This one kind of feels like a missed opportunity, due to a certain basic lack of filmmaking competency, and it's kind of shocking to realize that Sam Raimi's Ghost House Productions has now released five horror movies and they've almost all sucked.
Quick plot synopsis: a band of vampires descends upon the town of Barrow, Alaska, which is above the Arctic Circle and thus dark for 30 days in the middle of Winter. For some unexplained reason, nobody in the rest of the world seems to think it's strange that they suddenly lose contact with an entire town of people for a month, which means Sheriff Josh Hartnett and estranged wife Melissa George have to fight them off.
The biggest problem with this movie is simple narrative disjointedness. The story stops and starts, nothing flows together, we don't really get to know any of the characters beyond the headlining three or four. It feels like there may have been a longer cut with more character beats (like showing how the residents of Barrow spend their time in-between story beats, eating canned food and being cold and miserable in hiding) but these were cut to the bone to make the movie shorter. Bad idea because the story becomes uninvolving and tedious as a result.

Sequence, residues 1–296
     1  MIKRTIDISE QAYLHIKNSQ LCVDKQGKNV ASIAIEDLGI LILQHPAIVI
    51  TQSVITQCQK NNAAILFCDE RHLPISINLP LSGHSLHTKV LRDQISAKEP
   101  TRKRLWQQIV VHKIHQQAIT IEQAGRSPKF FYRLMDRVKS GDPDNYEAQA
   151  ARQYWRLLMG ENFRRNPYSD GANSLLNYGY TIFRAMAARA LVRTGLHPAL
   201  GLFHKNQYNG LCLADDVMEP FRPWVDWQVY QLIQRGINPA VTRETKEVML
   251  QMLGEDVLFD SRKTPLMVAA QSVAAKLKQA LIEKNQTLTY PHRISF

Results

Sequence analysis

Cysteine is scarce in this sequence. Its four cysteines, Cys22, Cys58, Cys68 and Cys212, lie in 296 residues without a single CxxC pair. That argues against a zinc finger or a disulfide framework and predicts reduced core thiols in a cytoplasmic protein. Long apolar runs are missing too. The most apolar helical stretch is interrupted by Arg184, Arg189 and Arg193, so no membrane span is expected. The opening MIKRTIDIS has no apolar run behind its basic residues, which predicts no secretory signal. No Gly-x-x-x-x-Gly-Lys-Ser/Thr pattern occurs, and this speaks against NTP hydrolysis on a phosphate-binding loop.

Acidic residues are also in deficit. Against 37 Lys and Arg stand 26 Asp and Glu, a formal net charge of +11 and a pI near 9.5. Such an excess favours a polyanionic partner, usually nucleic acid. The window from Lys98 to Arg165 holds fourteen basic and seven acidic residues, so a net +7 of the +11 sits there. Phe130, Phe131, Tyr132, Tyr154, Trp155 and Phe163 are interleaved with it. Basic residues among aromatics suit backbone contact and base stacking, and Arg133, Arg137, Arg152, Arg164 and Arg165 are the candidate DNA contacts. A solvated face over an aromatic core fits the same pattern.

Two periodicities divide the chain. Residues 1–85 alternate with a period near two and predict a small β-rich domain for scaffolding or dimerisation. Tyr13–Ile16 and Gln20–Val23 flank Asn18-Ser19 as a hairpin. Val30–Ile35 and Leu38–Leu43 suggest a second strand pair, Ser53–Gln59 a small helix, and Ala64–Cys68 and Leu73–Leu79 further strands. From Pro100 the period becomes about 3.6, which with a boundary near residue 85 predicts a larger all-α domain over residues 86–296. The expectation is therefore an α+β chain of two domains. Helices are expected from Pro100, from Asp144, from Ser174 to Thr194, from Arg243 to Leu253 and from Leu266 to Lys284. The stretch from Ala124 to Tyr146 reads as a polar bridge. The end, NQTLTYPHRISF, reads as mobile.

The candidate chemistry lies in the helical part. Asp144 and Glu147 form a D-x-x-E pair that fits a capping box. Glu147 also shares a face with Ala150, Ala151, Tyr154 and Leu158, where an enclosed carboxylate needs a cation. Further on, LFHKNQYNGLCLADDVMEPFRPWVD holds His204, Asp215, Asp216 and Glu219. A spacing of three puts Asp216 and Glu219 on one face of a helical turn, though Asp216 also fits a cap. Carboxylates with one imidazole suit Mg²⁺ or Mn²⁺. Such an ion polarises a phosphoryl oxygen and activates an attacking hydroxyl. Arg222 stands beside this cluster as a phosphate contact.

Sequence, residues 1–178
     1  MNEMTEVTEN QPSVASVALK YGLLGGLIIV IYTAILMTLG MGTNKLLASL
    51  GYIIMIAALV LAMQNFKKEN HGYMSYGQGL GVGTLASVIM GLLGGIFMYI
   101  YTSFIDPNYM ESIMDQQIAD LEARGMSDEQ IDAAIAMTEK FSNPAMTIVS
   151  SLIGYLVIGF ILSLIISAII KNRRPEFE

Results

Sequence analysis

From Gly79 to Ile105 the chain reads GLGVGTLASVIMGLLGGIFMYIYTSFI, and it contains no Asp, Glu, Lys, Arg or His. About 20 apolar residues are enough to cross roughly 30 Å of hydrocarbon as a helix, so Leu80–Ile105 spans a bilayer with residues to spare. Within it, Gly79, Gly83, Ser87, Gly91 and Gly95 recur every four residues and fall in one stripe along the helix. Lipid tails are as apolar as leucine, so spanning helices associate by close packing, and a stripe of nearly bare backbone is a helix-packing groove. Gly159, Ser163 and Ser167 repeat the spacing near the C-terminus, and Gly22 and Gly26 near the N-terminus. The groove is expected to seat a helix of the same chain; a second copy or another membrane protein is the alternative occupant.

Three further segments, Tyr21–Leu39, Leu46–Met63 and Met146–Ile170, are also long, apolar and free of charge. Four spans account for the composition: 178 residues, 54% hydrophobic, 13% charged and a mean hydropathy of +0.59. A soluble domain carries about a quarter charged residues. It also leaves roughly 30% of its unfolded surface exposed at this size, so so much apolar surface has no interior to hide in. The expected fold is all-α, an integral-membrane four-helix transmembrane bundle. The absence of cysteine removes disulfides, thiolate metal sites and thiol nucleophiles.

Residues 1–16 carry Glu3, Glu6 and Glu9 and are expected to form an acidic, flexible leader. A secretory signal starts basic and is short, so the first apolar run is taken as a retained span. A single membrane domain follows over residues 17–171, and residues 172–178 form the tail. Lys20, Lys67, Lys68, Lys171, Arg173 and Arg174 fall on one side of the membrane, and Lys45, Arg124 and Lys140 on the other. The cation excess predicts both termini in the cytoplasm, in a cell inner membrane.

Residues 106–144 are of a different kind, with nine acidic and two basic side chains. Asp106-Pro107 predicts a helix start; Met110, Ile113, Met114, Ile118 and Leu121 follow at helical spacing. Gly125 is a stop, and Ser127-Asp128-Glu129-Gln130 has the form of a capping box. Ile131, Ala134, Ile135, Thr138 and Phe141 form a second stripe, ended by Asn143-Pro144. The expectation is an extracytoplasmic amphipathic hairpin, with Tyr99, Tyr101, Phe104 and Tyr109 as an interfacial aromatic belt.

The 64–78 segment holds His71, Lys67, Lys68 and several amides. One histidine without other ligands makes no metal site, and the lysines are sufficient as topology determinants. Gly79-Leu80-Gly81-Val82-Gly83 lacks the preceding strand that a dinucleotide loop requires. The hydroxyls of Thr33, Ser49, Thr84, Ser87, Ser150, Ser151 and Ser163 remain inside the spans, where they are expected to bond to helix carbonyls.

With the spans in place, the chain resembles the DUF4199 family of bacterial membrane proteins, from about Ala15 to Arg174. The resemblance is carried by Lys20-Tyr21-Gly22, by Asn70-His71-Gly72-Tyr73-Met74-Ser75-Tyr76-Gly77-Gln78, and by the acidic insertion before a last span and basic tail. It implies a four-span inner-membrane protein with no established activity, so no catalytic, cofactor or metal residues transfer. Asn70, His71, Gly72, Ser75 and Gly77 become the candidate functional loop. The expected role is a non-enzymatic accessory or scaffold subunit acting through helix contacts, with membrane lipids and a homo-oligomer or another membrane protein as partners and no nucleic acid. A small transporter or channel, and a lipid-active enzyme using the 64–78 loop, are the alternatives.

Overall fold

The second biggest problem with the movie is casting: Josh Hartnett is stiff and unconvincing as always, and only Danny Huston (who's great) really seems suited for his role, as the feral leader of the pack of vampires (correction: Mark Boone Junior is pretty good too). Ben Foster officially crosses the line, for me, from 'interesting' to 'annoying' with his performance in this movie.
The final major problem is basic directing: wayyy too much of this movie is shot in close-up, a standard problem for inexperienced directors. I also don't care for the overabundance of digital mattes and fake snow, especially after seeing the real thing not long ago in The Last Winter - standard Hollywood insistence on comfort over detailed realism. Lastly, the movie's ending is a ripoff of the similar, perfectly realized end of Guillermo Del Toro's Blade II.
On the other hand, I do like the make-up and performances of the vampire characters, rendered as vicious and wolf-like (although the one vampire with fake blood on his mouth for most of the movie would surely have wiped his face at some point during the month). Also, the action/gore beats are pretty good, including some pretty vicious vampire killings including (SPOILER!) one nasty little vampire kid whose death will almost certainly be extended in the inevitable director's cut. And I do have a softness for horror movies set in snow, no doubt about it.